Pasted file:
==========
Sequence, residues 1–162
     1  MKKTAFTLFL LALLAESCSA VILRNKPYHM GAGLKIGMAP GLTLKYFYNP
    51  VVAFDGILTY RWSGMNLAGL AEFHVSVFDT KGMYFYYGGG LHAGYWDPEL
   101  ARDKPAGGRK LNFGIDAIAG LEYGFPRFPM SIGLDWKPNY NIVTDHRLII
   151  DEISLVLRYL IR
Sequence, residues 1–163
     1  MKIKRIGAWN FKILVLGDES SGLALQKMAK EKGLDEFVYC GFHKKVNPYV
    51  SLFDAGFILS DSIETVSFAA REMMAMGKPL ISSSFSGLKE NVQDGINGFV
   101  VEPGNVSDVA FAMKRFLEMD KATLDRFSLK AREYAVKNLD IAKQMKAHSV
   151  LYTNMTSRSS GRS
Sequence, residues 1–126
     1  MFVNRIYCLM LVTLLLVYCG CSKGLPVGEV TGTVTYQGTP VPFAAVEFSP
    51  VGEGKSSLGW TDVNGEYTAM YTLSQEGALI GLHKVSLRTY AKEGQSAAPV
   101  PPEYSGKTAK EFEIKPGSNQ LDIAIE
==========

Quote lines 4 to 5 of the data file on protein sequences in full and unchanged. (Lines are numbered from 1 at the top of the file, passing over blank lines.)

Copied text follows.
   101  ARDKPAGGRK LNFGIDAIAG LEYGFPRFPM SIGLDWKPNY NIVTDHRLII
   151  DEISLVLRYL IR